Similar questions continue to arise, of course, over the release of supposedly more benign genetically-manipulated strains into the environment. Last year the first three such outdoor tests overcame Rifkin's legal logjam. A company called Advanced Genetic Sciences conducted two controversial experiments on a strawberry patch in California with a lab-altered bacteria designed to prevent crops from freezing in hard frost.
So far no environmental problems have occurred. But once hundreds, even thousands, of new human-manipulated organisms are let loose, the results are unpredictable. Agronomists have noted that, while many non-native natural species brought to the US have adapted, others - such as the gypsy moth, kudzu vine, Dutch elm disease and chestnut blight - have unexpectedly run amok and wreaked havoc with other species. Genetic engineering vastly increases the chances of such eventualities.
And policing of biotechnology experiments is lax - to put it mildly. The potential for abuse surfaced in 1987 when Dr Gary Strobel, a plant pathologist at Montana State University, failed to wait for the required approval before experimenting. He used an engineered bacteria on 14 trees, seeking a new means to treat Dutch elm disease. Calling his action 'civil disobedience' in the face of 'almost ludicrous' standards, Strobel admitted having released another altered microbe three years earlier - also without Government permission or his university's approval.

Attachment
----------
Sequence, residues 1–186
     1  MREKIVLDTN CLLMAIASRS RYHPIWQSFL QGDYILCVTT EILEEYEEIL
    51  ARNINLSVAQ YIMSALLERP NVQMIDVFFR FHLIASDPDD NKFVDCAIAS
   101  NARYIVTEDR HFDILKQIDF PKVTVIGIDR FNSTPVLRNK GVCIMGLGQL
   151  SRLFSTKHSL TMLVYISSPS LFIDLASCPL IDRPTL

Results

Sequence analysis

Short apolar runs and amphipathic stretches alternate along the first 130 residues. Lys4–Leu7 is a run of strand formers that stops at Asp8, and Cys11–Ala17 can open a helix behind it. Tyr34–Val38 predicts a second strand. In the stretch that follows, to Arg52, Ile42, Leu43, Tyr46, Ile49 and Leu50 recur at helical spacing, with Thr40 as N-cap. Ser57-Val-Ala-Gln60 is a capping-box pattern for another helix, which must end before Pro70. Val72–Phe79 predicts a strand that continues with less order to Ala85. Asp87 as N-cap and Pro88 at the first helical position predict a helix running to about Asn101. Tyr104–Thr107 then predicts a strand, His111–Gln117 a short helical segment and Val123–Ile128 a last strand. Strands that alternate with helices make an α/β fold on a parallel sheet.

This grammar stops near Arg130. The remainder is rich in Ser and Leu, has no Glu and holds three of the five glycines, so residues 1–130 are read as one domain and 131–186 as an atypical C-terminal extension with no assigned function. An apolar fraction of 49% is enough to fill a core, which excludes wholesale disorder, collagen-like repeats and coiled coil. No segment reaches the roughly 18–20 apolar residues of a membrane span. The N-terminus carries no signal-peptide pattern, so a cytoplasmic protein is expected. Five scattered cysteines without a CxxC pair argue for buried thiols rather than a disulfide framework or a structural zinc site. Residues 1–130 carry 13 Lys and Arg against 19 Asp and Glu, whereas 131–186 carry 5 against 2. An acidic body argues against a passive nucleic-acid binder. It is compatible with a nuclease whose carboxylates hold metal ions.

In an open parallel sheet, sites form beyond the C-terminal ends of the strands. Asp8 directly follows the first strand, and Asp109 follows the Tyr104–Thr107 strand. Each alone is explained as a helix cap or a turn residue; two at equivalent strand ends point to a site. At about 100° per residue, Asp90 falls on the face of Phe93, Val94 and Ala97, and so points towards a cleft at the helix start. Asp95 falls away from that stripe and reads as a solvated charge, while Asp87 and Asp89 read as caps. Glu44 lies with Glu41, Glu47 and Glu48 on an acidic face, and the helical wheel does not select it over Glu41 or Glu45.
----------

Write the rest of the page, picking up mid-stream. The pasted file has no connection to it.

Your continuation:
While the Environmental Protection Agency slapped his wrists with what it termed a 'mild sanction', it was left to citizens like Tufts University Professor Sheldon Krimsky to express the outrage. 'You do not commit civil disobedience in the tradition of Gandhi and Martin Luther King by placing society at risk,' said Krimsky. A tearful, but not contrite, Strobel did agree to cut down the affected trees.
In the face of the monumental sums of money being spent by some of the large corporations in the world, the Reagan Administration has not surprisingly pushed for more and more research. Meanwhile Congress has been reluctant to insist on tighter regulatory controls. Apart from Rifkin and a few other watchdog groups, the environmental organizations have held back from jumping into the fray.
It may be too late to put the genie of biotechnology back into the lamp. But one thing is clear. Biotechnology has no conscience. Only humanity can provide that - if we choose.
Dick Russell is a freelance writer, based in Boston and Los Angeles, specializing in environmental concerns.